LISBON (Reuters) - Portugal’s Prime Minister Pedro Passos Coelho is expected to form a minority government after his centre-right coalition won an election but lost its parliamentary majority, a move shrugged off by markets which see little immediate risk of instability.
But economists said on Monday reforms needed to help the indebted country’s meagre growth after a steep recession in 2011-13 would be more difficult to pass and the austerity-minded government could face political turmoil next year.
The election “will further constrain the potential for structural economic reforms and increase risks to the fiscal outlook”, said Eurasia Group analyst Federico Santi, adding the “likelihood that the new legislature will not reach the end of its four-year term is quite high”.
Portuguese shares rose more than 2 percent on Monday, largely in line with other European stock indices, while bond yields were steady to lower in early trade after hitting their lowest level in five months soon after opening.
President Anibal Cavaco Silva must name the new prime minister after talking to all political leaders with discussions likely to start later this week and take around two weeks.
Passos Coelho would be the first leader in Europe to be re-elected after imposing hardship on voters under international bailout packages during the sovereign debt crisis.
His government raised taxes while cutting public spending, but argued during the campaign that the country was now beginning to see the fruits of those measures with a gradual return to growth after three years of recession.
Passos Coelho said he was ready to form a government while suggesting he may have to compromise on policies. Most analysts saw a good chance for the government to be formed and work well into next year without major challenges, continuing budget consolidation.
Defeated Socialist candidate Antonio Costa ruled out forming part of a left-wing “negative majority of those who create obstacles”. Analysts say it is unlikely that the moderate, pro-European Socialists will ally with the anti-euro Communists and the radical Left Bloc in parliament.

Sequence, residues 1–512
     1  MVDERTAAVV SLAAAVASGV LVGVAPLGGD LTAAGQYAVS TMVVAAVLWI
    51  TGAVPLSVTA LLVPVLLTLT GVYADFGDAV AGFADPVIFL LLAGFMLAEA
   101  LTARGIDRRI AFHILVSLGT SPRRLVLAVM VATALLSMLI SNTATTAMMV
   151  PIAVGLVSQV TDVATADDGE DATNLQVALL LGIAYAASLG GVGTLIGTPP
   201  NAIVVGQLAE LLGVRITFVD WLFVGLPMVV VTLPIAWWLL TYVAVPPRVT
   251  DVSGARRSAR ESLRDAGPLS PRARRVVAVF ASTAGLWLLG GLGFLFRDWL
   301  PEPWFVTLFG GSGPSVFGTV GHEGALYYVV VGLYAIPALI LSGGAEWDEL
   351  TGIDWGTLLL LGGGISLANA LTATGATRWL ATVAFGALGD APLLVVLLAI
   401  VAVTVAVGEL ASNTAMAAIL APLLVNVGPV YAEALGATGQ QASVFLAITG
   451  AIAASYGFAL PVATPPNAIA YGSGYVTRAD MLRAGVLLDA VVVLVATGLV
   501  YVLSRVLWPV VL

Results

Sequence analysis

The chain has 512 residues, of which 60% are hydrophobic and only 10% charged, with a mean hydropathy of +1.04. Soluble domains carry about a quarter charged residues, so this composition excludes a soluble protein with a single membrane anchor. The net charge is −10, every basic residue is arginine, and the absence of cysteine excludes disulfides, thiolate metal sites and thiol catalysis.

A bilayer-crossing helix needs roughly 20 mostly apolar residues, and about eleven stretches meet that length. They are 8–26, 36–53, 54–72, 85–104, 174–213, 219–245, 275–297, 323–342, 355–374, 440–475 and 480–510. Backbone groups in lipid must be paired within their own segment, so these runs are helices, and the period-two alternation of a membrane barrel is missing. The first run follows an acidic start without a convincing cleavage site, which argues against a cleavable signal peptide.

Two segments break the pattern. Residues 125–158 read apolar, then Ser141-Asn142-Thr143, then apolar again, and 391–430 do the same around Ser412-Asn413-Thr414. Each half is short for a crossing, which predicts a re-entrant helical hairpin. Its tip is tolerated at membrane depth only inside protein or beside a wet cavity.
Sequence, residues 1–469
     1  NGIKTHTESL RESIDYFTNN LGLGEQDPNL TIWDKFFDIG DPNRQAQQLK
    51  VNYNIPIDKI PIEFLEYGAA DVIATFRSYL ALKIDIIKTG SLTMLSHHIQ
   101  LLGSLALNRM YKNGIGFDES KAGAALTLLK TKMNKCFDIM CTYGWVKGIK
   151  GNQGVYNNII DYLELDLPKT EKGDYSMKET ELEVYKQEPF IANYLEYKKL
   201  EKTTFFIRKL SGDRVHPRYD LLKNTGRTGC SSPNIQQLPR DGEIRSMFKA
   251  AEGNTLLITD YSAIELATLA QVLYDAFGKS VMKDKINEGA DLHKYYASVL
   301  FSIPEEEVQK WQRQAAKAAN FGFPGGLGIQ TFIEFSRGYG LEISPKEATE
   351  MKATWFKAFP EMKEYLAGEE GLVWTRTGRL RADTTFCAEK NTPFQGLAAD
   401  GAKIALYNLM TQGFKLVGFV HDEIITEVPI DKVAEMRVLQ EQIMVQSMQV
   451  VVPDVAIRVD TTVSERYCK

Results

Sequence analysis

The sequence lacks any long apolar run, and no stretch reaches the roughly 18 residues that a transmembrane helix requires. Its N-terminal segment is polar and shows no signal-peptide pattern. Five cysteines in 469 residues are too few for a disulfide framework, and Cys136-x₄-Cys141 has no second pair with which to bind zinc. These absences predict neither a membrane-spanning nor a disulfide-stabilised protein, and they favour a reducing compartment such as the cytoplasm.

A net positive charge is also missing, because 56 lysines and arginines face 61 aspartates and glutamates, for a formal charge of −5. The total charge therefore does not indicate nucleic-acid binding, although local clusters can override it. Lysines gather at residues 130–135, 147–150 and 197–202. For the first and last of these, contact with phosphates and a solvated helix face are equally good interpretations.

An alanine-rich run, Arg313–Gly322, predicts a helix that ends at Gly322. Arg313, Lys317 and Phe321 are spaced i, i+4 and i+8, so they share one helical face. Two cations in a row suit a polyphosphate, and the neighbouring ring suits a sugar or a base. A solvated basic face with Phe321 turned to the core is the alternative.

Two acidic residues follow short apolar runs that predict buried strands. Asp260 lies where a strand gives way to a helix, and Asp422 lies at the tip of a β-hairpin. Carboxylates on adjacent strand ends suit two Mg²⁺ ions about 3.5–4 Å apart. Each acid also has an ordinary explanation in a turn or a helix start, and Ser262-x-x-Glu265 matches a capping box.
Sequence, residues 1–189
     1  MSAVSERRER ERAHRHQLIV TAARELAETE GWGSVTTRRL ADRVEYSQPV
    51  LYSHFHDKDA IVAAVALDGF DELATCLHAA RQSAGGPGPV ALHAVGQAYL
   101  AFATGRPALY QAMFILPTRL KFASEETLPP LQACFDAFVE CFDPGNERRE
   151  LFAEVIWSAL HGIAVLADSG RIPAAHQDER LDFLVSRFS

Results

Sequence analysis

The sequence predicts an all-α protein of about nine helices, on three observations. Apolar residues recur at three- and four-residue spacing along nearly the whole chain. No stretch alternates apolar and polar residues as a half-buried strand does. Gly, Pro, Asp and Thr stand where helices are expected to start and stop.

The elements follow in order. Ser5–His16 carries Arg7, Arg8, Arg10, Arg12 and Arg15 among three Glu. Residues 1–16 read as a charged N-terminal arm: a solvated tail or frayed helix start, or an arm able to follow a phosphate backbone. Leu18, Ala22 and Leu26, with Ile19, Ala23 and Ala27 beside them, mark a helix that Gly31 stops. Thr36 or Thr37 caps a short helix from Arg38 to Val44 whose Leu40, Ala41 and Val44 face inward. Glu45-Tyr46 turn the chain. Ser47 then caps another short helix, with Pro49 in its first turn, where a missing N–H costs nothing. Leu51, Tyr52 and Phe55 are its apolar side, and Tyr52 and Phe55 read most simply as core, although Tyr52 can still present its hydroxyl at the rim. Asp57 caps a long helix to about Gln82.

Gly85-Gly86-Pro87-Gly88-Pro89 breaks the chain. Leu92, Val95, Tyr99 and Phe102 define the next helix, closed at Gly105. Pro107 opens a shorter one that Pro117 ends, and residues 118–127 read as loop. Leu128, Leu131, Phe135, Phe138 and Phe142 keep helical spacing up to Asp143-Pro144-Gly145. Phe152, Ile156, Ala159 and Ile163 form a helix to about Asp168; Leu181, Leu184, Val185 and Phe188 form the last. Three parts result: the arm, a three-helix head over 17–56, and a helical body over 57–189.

The president is expected to try to convince Passos Coelho’s centre-right alliance and the Socialists to form a centrist coalition, but the Socialists are unlikely to agree. Passos Coelho’s alliance is made up of his Social Democrats and rightist CDS-PP.
While party leaders converged for Republic Day in Lisbon’s City Hall, the president did not attend as, according to his office, “he has to focus on reflecting about decisions to be taken in the next few days”.
In a tone of compromise, the Socialist mayor of Lisbon, Fernando Medina, told the gathering the voters’ message was that they wanted to “reconcile our European and euro membership with a change of economic and social policies via negotiations between various parties”.
“We’ll have a minority government that will make agreements in crucial moments like passing budgets. Such agreements are perfectly viable with the Socialists abstaining, be it this year or in coming years,” said political scientist Adelino Maltez.
The 2016 budget bill can only be presented after the new government has been appointed.
Antonio Barroso, senior vice president at Teneo Intelligence in London had a more sombre outlook, saying: “Political stability could become a challenge very soon, possibly as early as next year” when the government tries to pass the 2017 budget.
With 99.2 percent of parishes counted, the ruling coalition had around 38.3 percent of the vote, while the Socialists had 32.4 percent. The final count may take another five to 10 days.
The results showed the government with 104 seats in the 230-seat parliament, short of the 116 needed for a majority.
Portugal, a country of 10 million people, has little history of minority administrations surviving a full term.
“It’s likely to be a minority government formally, but the Socialists are fairly close in their views on budget consolidation with the government. So we see all of this as reassuring and do not expect any impact on the economic outlook in the short run,” said Citi economist Giada Giani.
Portugal is still heavily indebted with low growth.
“The next government will have to step up the pace of reform in order to sustain a growth rate that’s woefully insufficient,” said Nicholas Spiro, managing director at Spiro Sovereign Strategy consultants.
He called the election “a victory for broad policy continuity” and said the “defeat for Portugal’s Socialists is music to the ears of Spanish premier Mariano Rajoy and a kick in the teeth for Podemos” - Spain’s main anti-austerity force.
Reporting By Andrei Khalip; Editing by Janet Lawrence